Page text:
Adam Grant’s Think Again echoes the themes of task conflict versus relationship conflicts (in which we ban people from our personal and social lives or ostracize them at work when we disagree with one of their ideas). Unless we are aware of these tendencies and monitor them, we turn our opinions into our identities — and do the same for others.

What can we practice as counterbalance

photos shows a potential medicine cabinet with a white cross on red
A taste of our own medicine (Credit: Antonio Sadaric)

Although the aforementioned might paint a picture of hopelessness, being aware of these effects already puts you ahead of undesired outcomes. If you know what drives your behavior and those of others in the workplace, your preparation to deal with them has already started. Here are a couple of more battle-tested ideas to consider:

Practice: Be humble. Humility can be defined as “a modest or low view of one’s own importance” — this does not mean that we do not matter, nor does it mean that our ideas do not matter. But it is useful to remember that you have been wrong before, might be wrong now, and will be wrong many times in the future. Part of being humble involves controlling our egos. Our ego wants to win and wants a hit. This is why we get sucked into social media — to feed our indignation and affirmation monsters. But remember the stakes — who is right and wrong and what is lost? Can you move from predator to benefactor? Are you contributing to the conversation vs just wanting to be right? Understand that being a referee instead of being a fighter can help foster psychological safety for future discourse. Feigning humility can have the opposite effect. Take part in the introspection necessary to practice true humility.

Practice: Be mindful. Definitions of mindfulness involve being less reactive, being aware of ourselves and others, and approaching the world with curiosity. Being mindful and showing others how to be can help avoid conflating the person with the argument or point of view being voiced. It can also make us aware of attribution bias, wherein we attribute more weight to what we consider to be a person’s character rather than situational factors that may be shaping their behavior. Can you pay attention with kindness and curiosity? Can you practice active listening long enough to let the person express themselves? Can you start by agreeing that one can disagree, but realize this is just the start?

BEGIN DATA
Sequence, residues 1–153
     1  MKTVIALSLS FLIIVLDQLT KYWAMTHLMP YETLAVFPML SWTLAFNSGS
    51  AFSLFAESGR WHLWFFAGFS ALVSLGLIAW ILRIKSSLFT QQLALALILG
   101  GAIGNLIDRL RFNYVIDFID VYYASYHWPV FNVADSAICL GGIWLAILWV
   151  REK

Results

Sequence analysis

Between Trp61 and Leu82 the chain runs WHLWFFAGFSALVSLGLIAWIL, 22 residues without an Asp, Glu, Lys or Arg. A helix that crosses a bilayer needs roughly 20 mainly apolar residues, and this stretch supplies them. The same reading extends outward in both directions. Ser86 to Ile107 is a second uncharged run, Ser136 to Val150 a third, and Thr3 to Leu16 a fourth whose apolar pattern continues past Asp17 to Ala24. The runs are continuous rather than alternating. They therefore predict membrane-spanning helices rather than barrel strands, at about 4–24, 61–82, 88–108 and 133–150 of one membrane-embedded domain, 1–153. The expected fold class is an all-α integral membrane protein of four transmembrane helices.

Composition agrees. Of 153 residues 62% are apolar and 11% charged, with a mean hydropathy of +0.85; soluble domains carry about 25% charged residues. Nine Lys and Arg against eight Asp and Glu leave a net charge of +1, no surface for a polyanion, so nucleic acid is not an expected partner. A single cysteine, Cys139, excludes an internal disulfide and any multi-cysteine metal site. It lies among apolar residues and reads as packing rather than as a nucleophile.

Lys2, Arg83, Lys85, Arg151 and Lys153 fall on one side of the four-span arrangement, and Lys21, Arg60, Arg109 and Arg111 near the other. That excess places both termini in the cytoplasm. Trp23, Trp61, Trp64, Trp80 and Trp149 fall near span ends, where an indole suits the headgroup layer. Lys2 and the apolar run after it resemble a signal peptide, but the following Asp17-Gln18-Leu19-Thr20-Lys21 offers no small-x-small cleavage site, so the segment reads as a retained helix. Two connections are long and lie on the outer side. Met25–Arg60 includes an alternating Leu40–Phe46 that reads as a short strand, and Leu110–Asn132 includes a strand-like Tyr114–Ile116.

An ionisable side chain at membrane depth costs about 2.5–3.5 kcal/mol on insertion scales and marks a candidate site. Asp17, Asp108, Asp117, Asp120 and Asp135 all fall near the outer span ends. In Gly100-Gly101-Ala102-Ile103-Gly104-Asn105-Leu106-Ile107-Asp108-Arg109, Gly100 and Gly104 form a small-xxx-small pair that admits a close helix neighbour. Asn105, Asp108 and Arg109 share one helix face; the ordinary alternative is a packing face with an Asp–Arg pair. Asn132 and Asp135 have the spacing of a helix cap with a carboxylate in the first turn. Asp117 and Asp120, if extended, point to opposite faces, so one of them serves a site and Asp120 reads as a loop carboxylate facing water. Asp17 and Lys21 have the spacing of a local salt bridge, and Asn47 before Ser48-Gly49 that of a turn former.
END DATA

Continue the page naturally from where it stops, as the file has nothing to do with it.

Practice: Remain polite and respectful. There are, of course, situations, where we can and perhaps should lose our tempers, and anger should not be stigmatized. Swearing can be a source of stress relief. However, as the authors of Getting to Yes point out, the major reason to respect others is that it works. This may mean not interrupting someone but also not tuning out. Multi-tasking, when someone is speaking in a meeting, is disrespectful. Dismissing them out of hand is, too. Ask instead: can you help me understand what you mean by that comment? This is especially important in writing when there is no tone and is often interpreted based on situational specifics and previous experiences. Break the vicious cycle by allowing human interactions to take place outside the written format.

Practice: Honor body language. Body language (kinesics) is one of our tools of communication. This can include raising our voices. When engaged in debate, watch your non-verbals and also try to match body language. Nod your head and ensure your eyebrows are not raised, or your forehead is frowned. Do not cross your arms not roll your eyes or sigh loudly. And please do not hover in an effort to dominate or just shut down and walk away physically and emotionally by taking out your phone.